SAMe and joint pain relief: possible mechanism of action
Originally Posted by :P
SAMe: unknown mechanism, but very effective in reducing joint-related pain
In-vitro research has demonstrated that SAMe aquires the ability to enhance chondrocyte proteoglycan synthesis and proliferation rates [1,2]. SAMe acts as a precursor to the aminopropylation pathway, which leads to the synthesis of polyamines (the polyamines spermine and spermidine have been shown to aquire both analgesic and antiinflammatory properties [3,4]). Methylthioadenosine is formed from SAMe, in the course of spermidine synthesis. Methylthioadenosine is thought to be at least somewhat responsible for the clinical results observed in treating osteoarthritis, rheumatoid arthritis and fibromyalgia with SAMe [5,6]. SAMe also appears to restore basal conditions following TNF-induced cell damage, and inhibit lipopolysaccharide-stimulated TNF, as well as NF-kB activity [7,8]. Additionally, a mere 400 mg of oral SAMe has been shown to significantly increase SAMe concentrations in synovial fluid by up to 4-fold compared with pretreatment values .
 Harmand MFet al. (1987), Effects of S-adenosylmethionine on human articular chondrocyte differentiation. An in vitro study.
 Barcelo HA et al. (1987), Effect of S-adenosylmethionine on experimental osteoarthritis in rabbits.
 Oyanagui Y. (1984), Anti-inflammatory effects of polyamines in serotonin and carrageenan paw edemata?possible mechanism to increase vascular permeability inhibitory protein level which is regulated by glucocorticoids and superoxide radical.
I was wondering if you came across the duration (how long of SAMe supplementation) in which these changes were observed.
With the understanding that this thread was created to merely evaluate SAMe's mechanism of action vs. the evaluation of SAMe's efficacy in reducing joint pain....
The following abstract indicates that positive results have been observed within the first few weeks of treatment, and that the elicited effects have continued for the entire duration of the study (i.e. 2-years in this particular instance). I must emphasize the fact that any SAMe product that an individual might be considering, should be incorporated into an enterically-coated capsule to improve bioavailability, as the positively charged sulfonium ion significantly limits the intracellular passage of the SAMe molecule.
Benno Konig M.D. doi:10.1016/0002-9343(87)90859-X
Copyright 1987 Published by Excerpta Medica Inc. A long-term (two years) clinical trial with S-adenosylmethionine for the treatment of osteoarthritis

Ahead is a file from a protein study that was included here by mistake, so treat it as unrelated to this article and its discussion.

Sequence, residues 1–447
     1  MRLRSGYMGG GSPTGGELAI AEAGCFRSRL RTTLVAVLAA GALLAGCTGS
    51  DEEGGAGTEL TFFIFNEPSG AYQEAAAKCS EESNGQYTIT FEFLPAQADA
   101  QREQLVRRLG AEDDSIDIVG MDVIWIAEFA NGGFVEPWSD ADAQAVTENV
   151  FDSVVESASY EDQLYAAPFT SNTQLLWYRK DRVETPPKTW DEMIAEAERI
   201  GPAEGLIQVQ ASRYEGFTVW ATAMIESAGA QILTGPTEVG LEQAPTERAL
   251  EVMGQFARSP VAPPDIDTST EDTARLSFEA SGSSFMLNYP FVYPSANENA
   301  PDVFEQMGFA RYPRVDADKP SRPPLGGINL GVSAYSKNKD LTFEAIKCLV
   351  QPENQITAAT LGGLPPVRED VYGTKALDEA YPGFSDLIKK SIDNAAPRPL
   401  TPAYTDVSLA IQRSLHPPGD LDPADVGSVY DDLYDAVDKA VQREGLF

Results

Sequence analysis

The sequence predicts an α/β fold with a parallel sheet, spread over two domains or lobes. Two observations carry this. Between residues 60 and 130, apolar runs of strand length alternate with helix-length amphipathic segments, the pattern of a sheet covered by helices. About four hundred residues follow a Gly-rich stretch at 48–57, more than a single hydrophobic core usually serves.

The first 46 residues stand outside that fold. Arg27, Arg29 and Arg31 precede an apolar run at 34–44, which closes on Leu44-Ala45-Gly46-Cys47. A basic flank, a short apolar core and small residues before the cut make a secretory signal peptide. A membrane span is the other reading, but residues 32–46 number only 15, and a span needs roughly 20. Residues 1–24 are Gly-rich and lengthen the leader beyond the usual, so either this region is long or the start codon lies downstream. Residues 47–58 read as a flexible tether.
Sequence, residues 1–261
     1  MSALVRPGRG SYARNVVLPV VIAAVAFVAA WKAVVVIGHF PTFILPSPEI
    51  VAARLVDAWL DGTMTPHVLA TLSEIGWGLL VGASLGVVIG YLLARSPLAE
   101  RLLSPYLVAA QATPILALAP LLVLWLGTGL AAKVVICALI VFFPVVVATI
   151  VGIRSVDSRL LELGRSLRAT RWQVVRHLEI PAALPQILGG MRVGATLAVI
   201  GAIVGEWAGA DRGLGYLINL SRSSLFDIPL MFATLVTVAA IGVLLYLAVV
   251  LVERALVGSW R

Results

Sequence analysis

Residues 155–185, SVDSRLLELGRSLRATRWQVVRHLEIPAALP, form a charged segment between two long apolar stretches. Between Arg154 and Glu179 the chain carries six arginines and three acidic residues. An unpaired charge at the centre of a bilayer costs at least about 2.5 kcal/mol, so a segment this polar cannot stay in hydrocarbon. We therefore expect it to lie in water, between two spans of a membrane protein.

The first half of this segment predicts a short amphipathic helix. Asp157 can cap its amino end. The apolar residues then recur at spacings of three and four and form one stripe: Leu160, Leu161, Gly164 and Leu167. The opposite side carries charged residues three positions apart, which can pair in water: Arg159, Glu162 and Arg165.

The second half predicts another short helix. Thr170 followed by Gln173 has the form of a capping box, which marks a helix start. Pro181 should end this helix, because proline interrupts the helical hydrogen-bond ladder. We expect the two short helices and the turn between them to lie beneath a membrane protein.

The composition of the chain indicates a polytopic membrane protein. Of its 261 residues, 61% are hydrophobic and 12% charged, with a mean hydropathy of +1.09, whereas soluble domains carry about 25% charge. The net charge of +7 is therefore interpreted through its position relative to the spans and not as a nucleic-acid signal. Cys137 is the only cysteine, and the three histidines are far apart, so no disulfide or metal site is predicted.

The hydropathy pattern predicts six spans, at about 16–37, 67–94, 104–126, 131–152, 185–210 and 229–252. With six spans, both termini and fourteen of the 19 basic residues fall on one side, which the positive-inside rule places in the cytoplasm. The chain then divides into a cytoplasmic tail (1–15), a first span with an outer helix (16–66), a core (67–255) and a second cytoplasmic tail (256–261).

In a long-term multicenter open trial involving 10 general practitioners, the efficacy and tolerance of S-adenosylmethionine (SAMe) were studied for 24 months in 108 patients with osteoarthritis of the knee, hip, and spine. At the end of the 24-month observation period, 97 of the patients were still in the study. The patients received 600 mg of SAMe daily (equivalent to three tablets of 200 mg each) for the first two weeks and thereafter 400 mg daily (equivalent to two tablets of 200 mg each) until the end of the 24th month of treatment. Separate evaluations were made for osteoarthritis of the knee, hip, cervical spine, and dorsal/lumbar spine. The severity of the clinical symptoms (morning stiffness, pain at rest, and pain on movement) was assessed using scoring before the start of the treatment, at the end of the first and second week of treatment, and then monthly until the end of the 24-month period. SAMe administration showed good clinical effectiveness and was well tolerated. The improvement of the clinical symptoms during therapy with SAMe was already evident after the first weeks of treatment and continued up to the end of the 24th month. Non-specific side effects occurred in 20 patients, but in no case did therapy have to be discontinued. Most side effects disappeared during the course of therapy. Moreover, during the last six months of treatment, no adverse effect was recorded. Detailed laboratory tests carried out at the start and after six, 12, 18, and 24 months of treatment showed no pathologic changes. SAMe administration also improved the depressive feelings often associated with osteoarthritis. http://www.sciencedirect.com/science...638dd29eea3da6